Skip directly to search Skip directly to A to Z list Skip directly to navigation Skip directly to page options Skip directly to site content

People with Special Needs

Persons with Disabilities

Before an earthquake:

  • Photo of wheel chair user.Write down any specific needs, limitations, and capabilities that you have, and any medications you take. Make a copy of the list and put it in your purse or wallet.
  • Find someone (a spouse, roommate, friend, neighbor, relative, or co-worker) to help you in case of an emergency. Give them the list. You may wish to provide a spare key to your home, or let them know where they can find one in an emergency.

During an earthquake:

  • If you are confined to a wheelchair, try to get under a doorway or into an inside corner, lock the wheels, and cover your head with your arms. Remove any items that are not securely attached to the wheelchair.
  • If you are able, seek shelter under a sturdy table or desk. Stay away from outer walls, windows, fireplaces, and hanging objects.
  • If unable to move from a bed or chair, protect yourself from falling objects by covering up with blankets and pillows.

  • If you are outside, go to an open area away from trees, telephone poles, and buildings, and stay there.

After an earthquake:

  • If you are trapped, try to attract attention to your location.
  • Turn on your battery-operated TV or radio to receive emergency information and instructions.
  • If you can, help others in need.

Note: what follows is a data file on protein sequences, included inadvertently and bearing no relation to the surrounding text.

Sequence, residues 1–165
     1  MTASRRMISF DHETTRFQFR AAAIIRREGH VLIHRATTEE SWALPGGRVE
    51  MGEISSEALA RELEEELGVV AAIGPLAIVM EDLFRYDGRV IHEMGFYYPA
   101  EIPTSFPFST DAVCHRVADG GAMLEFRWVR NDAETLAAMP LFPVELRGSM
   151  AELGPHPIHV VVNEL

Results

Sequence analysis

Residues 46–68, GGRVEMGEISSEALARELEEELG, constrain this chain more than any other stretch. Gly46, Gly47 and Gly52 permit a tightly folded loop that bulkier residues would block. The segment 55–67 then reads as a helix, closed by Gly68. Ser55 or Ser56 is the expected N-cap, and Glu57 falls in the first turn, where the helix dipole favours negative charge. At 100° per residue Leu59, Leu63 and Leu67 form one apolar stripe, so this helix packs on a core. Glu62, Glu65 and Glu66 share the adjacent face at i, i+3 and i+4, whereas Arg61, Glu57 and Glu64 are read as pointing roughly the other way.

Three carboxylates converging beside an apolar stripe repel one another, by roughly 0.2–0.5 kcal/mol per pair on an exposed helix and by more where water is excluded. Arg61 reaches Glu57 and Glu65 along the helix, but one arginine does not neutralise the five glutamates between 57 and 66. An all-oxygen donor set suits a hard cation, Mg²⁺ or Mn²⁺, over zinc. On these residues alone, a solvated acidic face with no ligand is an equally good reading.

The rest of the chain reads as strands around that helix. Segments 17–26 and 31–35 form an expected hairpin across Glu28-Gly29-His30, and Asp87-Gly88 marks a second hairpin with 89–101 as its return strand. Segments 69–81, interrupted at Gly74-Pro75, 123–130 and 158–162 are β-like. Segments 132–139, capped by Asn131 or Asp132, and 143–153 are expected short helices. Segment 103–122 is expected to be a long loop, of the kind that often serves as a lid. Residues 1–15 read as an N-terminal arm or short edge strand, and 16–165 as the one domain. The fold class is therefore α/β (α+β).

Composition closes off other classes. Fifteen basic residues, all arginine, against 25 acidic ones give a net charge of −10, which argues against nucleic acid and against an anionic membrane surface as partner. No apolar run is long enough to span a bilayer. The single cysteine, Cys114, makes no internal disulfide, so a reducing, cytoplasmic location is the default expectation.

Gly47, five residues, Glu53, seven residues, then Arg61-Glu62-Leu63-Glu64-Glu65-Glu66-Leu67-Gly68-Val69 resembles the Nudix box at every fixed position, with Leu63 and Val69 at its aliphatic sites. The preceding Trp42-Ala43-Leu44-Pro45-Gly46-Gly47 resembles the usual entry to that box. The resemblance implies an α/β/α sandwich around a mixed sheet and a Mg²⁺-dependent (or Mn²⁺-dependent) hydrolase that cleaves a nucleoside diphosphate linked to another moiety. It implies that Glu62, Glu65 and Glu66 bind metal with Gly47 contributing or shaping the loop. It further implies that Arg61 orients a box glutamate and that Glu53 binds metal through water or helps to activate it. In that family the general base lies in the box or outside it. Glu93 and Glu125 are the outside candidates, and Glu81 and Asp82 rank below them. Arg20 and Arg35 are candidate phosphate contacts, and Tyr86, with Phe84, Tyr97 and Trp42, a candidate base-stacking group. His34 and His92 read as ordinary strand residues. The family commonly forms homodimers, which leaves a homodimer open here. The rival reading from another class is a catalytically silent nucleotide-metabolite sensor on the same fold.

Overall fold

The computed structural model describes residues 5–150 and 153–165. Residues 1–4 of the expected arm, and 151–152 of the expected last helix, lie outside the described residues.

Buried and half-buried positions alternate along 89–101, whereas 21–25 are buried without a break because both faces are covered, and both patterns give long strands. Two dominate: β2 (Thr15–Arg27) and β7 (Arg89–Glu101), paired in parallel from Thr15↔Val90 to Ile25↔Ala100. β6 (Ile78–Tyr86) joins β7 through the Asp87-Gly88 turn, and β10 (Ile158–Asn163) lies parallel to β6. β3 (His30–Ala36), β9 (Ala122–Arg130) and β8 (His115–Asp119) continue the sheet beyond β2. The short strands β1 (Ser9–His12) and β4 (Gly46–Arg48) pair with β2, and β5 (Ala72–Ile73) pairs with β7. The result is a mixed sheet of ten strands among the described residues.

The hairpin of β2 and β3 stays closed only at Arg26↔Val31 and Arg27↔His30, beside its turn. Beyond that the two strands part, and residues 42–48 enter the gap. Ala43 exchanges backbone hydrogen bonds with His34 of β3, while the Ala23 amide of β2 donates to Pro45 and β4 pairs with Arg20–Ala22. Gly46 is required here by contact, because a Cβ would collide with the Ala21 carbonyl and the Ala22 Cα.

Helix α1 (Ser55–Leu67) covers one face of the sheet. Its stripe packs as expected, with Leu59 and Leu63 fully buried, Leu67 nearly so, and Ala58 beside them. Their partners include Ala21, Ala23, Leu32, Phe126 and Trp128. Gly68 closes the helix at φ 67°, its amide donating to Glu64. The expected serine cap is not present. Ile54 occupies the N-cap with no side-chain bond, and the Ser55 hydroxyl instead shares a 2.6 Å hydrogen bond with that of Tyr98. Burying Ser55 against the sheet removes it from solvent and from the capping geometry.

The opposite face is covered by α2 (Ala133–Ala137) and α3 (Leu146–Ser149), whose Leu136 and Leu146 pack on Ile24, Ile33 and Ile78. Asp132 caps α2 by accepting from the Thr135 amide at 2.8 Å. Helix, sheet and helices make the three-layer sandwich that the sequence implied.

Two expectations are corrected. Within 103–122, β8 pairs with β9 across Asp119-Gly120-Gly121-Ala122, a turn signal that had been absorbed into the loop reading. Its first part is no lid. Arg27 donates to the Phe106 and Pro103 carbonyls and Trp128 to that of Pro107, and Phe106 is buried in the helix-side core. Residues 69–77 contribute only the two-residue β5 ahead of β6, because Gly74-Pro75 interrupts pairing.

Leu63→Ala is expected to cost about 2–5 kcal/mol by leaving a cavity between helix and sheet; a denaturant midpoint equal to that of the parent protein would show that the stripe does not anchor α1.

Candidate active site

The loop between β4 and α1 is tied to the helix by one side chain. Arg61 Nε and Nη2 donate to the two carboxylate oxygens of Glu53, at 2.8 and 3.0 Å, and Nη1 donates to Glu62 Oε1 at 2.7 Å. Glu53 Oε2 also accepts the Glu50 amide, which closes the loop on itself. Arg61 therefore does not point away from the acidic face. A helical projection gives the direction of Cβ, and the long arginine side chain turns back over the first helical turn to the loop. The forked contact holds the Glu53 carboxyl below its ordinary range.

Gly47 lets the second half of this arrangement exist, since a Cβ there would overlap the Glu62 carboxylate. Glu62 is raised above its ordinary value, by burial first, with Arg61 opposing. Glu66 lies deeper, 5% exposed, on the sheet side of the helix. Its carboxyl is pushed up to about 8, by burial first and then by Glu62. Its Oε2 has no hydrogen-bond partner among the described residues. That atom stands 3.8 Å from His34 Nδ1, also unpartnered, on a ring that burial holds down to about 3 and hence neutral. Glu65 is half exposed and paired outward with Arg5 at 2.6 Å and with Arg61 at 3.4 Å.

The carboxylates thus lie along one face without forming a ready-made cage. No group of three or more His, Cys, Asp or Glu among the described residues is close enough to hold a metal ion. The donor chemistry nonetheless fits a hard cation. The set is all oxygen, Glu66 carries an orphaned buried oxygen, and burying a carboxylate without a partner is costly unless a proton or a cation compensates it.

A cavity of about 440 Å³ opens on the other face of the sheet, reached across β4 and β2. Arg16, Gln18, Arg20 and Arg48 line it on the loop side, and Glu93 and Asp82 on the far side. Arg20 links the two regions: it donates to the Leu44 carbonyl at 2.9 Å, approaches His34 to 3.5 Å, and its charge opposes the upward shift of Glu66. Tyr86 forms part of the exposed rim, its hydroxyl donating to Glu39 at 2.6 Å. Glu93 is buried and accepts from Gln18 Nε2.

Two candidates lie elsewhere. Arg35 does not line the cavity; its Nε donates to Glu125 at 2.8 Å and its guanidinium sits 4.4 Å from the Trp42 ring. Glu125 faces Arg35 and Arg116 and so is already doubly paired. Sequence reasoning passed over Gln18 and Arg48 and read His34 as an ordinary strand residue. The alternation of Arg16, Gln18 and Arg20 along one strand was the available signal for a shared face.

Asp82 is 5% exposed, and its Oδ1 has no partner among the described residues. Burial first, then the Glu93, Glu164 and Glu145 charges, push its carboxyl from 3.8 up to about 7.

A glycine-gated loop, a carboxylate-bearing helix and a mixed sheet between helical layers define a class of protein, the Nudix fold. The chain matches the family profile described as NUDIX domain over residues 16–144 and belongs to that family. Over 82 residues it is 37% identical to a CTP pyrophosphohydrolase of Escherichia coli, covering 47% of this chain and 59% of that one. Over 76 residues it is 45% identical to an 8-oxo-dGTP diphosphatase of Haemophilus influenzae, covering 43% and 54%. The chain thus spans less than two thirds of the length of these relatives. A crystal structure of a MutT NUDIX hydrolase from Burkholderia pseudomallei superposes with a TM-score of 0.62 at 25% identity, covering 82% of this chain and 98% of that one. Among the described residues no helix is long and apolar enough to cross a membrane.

Children's Needs

Photo of teddy bear in blanket.Fear is a normal reaction to danger. A child may be afraid of recurrence, injury, or death after an earthquake. They may fear being separated from their family or being left alone. Children may even interpret disasters as punishment for real or imagined misdeeds. Children will be less likely to experience prolonged fear or anxiety if they know what to expect before, during, and after an earthquake. Talking to children openly will also help them overcome fears.

Here are some suggestions:

  • Explain that an earthquake is a natural event and not anyone's fault.
  • Talk about your own experiences with natural disasters, or read aloud books about earthquakes.
  • Encourage your child to express feelings of fear. Listen carefully and show understanding.
  • Your child may need both verbal and physical reassurance that everything will be all right. Tell your child that the situation is not permanent.
  • Include your child in clean-up activities. It is comforting to the child to watch the household begin to return to normal and to have a job to do.

NOTE: Symptoms of anxiety may not appear for weeks or even months after an earthquake, and can affect people of any age. If anxiety disrupts daily activities for any member of your family, seek professional assistance through a school counselor, community religious organization, your physician, or a licensed professional listed under "mental health services" in the yellow pages of your telephone directory.

Shake Out. Don't Freak Out. - www.shakeout.orgReady ... Prepare. Plan. Stay Informed.Social Media at CDC Emergency

TOP